Involvement of efflux mechanisms in biocide resistance of Campylobacter jejuni and Campylobacter coli
ABSTRACT Active efflux has an important role in the antimicrobial resistance of Campylobacter jejuni and Campylobacter coli. The effects of two putative efflux pump inhibitors (EPIs), phenylalanine-arginine β-naphthylamide and 1-(1-naphthylmethyl)-piperazine, and the effects of inactivation of the cmeB,cmeF and cmeR genes on resistance to a broad range of antimicrobials were studied using the broth microdilution method. The antimicrobials tested in C. jejuni and C. coli were the biocides triclosan, benzalkonium chloride, chlorhexidine diacetate, cetylpyridinium chloride and trisodium phosphate, along with the anionic surfactant SDS and the antibiotics erythromycin and ciprofloxacin. Both EPIs partially reversed the resistance to all of these antimicrobials. Differences between these EPIs were seen for substrate preference and reductions in MIC. The MICs of the antimicrobials were reduced in the cmeB and cmeF mutants and increased in the cmeR mutant, with few exceptions. Both of these putative EPIs further decreased the MICs of the antimicrobials in these mutant strains. These data confirm that active efflux is an important mechanism in biocide resistance in C. jejuni and C. coli. At least one non-CmeABC efflux system or reduced uptake is responsible for resistance to biocides.
- SourceAvailable from: Sonja Smole Možina
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- "The minimum inhibitory concentrations (MICs) of erythromycin, ciprofloxacin, BC, CHA, CPC (≥98%, Sigma-Aldrich), TSP (96%, Sigma-Aldrich), TLN (99.5%, Merck) and SDS (99.5%, Invitrogen) were determined according to the broth microdilution method, in Mueller Hinton broth (MHB, Oxoid) with inocula of 10 6 bacteria/ml using 96-well microtiter plates, as described previously (Mavri and Smole Možina, 2012). The two-fold serial dilutions used included: for erythromycin , ciprofloxacin and TLN, concentrations of 0.016–512 μg/ml; for BC, CPC and CHA, concentrations of 0.016–4.0 "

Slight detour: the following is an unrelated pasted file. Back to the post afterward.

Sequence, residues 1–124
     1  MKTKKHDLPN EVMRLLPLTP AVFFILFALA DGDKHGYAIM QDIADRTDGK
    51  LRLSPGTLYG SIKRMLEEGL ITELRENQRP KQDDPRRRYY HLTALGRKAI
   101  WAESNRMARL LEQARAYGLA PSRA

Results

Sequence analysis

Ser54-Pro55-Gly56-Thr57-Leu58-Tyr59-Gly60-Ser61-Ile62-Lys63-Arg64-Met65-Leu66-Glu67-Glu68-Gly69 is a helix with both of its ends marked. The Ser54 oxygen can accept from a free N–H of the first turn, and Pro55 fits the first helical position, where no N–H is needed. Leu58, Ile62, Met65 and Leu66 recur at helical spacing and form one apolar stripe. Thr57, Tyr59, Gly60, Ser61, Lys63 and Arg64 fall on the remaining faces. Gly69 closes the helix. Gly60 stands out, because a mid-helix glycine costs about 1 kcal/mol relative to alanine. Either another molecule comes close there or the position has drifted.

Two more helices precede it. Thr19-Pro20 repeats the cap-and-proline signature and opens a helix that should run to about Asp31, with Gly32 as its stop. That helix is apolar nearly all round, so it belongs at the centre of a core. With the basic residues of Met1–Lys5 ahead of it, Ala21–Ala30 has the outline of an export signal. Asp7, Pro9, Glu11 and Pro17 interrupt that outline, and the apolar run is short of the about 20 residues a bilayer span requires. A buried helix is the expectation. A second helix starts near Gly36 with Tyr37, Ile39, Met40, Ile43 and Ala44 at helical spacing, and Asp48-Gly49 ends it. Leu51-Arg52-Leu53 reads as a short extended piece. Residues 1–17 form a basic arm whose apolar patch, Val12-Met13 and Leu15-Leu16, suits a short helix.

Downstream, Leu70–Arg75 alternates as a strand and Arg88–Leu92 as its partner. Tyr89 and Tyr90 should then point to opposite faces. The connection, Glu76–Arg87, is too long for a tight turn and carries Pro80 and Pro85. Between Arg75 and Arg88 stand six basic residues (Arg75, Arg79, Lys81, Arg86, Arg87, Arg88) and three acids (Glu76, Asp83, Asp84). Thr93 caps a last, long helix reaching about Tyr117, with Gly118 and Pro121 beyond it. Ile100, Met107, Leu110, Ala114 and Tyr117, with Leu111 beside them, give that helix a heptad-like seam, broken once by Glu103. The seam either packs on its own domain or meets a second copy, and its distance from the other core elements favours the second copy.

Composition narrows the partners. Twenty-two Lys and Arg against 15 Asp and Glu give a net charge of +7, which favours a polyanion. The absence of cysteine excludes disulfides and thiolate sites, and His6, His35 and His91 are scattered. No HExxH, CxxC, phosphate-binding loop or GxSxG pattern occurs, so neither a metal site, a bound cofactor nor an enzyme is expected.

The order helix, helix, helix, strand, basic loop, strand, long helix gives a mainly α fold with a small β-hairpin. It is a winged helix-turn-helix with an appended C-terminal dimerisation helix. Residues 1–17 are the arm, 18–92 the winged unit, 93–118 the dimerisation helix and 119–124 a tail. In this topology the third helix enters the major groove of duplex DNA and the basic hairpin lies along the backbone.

ABSTRACT: The potential for adaptive resistance of Campylobacter jejuni and Campylobacter coli after step-wise exposure to increasing sub-inhibitory concentrations of five biocides as triclosan, benzalkonium chloride, cetylpyridinium chloride, chlorhexidine diacetate and trisodium phosphate, was investigated, to identify the mechanisms underlying resistance. The biocide resistance and cross-resistance to the antimicrobials erythromycin and ciprofloxacin, and to sodium dodecyl sulphate, were examined according to the broth microdilution method. The presence of active efflux was studied on the basis of restored sensitivity in the presence of the efflux pump inhibitors phenylalanine-arginine beta-naphthylamide, 1-(1-naphthylmethyl)-piperazine, cyanide 3-chlorophenylhydrazone, verapamil and reserpine. Changes in the outer membrane protein profiles and morphological changes in adapted strains were studied, as compared with the parent strains. Repeated exposure of C. jejuni and C. coli to biocides resulted in partial increases in tolerance to biocides itself, to other biocides and antimicrobial compounds. The developed resistance was stable for up to 10 passages in biocide-free medium. More than one type of active efflux was identified in adapted strains. These adapted strains showed different alterations to their outer membrane protein profiles, along with morphological changes. The data presented here suggest that different mechanisms are involved in adaptation to biocides and that this adaptation is unique to each strain of Campylobacter and does not result from a single species-specific mechanism.International journal of food microbiology 01/2013; 160(3):304-12. DOI:10.1016/j.ijfoodmicro.2012.11.006 · 3.08 Impact Factor